Coat-tails and down-ballot worries for the 2016 election

It’s almost convention time and both political parties are having trouble getting it together. On the GOP side, high ranking Republicans—including former nominees of the party—are being slow and cautious in their embrace of Donald Trump. And on the Democratic side, Bernie Sanders, while running behind Hillary Clinton in delegates, is arguing that he is a stronger general election candidate against Trump. In the meantime, irate voters in both parties are wondering if, how, and why their votes could be overturned by these strange people called convention delegates.

The reason is often lost in the public hoopla over the primaries. Nominations are party business and political parties exist not just for the top of the ticket but for the whole ticket—from president right down through dog-catcher. So when the elected officials who share the ticket and the party officials who work for the ticket think the top of the ticket is weak, they often find themselves at odds with voters in the primaries. Throughout history very popular presidential candidates have had “coat-tails,” meaning that the presidential candidate brought so many voters into their column that the other candidates got votes they didn’t even anticipate. And, of course, the opposite happens as well. Very unpopular presidential candidates often cause down-ballot candidates to lose. The following chart illustrates the point.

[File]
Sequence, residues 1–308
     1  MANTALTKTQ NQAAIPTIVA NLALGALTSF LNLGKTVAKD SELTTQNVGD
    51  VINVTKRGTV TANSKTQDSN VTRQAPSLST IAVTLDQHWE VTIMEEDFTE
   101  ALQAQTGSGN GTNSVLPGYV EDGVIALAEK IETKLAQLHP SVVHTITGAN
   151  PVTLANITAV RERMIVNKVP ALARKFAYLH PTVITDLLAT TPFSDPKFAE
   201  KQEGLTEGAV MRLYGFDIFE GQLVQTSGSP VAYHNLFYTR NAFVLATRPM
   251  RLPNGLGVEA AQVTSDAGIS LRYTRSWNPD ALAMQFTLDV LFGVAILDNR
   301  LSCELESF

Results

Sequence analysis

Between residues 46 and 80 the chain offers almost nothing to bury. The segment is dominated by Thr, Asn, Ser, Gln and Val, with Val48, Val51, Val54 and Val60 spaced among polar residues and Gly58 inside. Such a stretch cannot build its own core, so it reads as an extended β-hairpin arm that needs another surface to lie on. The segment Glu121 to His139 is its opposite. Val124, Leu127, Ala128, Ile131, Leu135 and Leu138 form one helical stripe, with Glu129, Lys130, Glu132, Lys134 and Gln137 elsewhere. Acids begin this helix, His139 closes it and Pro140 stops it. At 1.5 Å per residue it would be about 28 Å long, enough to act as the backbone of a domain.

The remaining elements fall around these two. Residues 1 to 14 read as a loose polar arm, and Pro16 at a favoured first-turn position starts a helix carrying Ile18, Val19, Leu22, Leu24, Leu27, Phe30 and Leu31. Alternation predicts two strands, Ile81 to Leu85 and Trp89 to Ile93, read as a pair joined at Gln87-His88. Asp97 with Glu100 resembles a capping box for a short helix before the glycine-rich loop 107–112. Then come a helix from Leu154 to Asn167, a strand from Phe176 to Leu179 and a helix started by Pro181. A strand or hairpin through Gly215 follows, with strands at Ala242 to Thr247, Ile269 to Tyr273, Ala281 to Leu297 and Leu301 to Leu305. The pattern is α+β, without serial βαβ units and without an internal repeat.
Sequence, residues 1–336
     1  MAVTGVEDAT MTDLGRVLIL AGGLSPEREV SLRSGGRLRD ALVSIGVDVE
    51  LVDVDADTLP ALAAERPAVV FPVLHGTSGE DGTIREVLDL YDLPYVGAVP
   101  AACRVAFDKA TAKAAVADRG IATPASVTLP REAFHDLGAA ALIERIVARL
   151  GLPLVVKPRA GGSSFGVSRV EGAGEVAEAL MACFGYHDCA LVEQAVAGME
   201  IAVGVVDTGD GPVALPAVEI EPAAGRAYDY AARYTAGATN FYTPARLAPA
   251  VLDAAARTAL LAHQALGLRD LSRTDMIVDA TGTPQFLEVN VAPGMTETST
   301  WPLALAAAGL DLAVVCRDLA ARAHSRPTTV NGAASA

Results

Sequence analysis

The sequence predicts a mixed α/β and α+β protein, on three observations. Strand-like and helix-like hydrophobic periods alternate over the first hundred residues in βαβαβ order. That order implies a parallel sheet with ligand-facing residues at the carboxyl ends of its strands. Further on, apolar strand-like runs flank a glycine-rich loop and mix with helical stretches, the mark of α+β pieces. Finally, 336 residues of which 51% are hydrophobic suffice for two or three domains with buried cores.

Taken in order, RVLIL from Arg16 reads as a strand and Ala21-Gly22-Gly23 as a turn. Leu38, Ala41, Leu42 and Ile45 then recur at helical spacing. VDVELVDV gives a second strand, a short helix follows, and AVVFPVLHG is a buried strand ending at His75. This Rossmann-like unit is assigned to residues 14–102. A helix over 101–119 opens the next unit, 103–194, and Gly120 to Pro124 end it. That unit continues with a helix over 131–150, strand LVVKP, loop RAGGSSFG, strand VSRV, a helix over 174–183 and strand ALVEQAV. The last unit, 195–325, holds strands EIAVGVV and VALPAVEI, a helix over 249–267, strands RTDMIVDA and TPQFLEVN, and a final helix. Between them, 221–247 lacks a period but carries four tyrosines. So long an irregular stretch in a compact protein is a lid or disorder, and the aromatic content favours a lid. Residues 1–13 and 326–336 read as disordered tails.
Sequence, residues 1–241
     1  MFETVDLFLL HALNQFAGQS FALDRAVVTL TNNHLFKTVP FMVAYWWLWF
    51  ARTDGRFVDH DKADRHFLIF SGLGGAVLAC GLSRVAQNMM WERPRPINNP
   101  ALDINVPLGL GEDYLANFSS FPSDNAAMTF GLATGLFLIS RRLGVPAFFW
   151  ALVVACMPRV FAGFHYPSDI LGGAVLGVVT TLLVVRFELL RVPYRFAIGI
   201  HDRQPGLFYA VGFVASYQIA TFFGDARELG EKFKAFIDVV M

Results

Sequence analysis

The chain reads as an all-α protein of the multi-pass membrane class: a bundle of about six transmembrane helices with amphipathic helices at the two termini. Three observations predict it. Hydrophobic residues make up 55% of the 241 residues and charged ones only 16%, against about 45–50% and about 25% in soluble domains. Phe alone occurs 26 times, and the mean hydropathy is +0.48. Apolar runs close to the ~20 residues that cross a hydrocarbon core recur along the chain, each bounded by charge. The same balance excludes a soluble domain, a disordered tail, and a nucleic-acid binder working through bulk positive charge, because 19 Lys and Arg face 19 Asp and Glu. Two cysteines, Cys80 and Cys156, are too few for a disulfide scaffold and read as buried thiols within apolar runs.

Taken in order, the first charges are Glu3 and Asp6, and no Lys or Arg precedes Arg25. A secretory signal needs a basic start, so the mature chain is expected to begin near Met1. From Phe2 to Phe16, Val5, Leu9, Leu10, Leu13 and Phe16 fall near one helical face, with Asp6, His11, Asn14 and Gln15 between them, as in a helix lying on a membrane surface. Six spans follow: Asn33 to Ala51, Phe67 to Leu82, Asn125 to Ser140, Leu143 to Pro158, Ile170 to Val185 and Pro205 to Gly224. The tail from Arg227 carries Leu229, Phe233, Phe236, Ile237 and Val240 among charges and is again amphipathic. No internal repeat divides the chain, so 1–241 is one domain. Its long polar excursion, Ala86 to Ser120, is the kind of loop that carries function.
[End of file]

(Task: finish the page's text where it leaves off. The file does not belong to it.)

As we can see, unpopular presidential candidates, whether challengers or incumbents, can inflict a lot of damage on other members of their party. In 1964, the Republican nominee, Senator Barry Goldwater, cost his party a total of 38 seats in Congress (House and Senate). In 1980, the unpopular incumbent, President Jimmy Carter, cost his party a whopping 50 congressional and gubernatorial elections and 28 years later, another unpopular president, George W. Bush, cost his party 30 major seats. Of course there are some years when the top of the ticket is less controversial and thus has little effect on other races. This year, however, doesn’t look to be one of them.

The damage an unpopular candidate does in a presidential election year does, sometimes, get undone in the midterm elections. As the following chart shows, in 1966, Republicans gained back seats they had lost in 1964 plus some. Ditto for Democrats in 1974, Republicans in 1994, and Republicans in 2010— just to name a few occasions


Nonetheless, political parties take elections one at a time and no one likes to take a chance on the top of the ticket, which is why both parties have been slow in coming together in 2016.

Elaine C. Kamarck is a Senior Fellow at the Brookings Institution and author of
Primary Politics: Everything You Need to Know about How America Nominates Its Presidential Candidates. She is a superdelegate to the Democratic convention.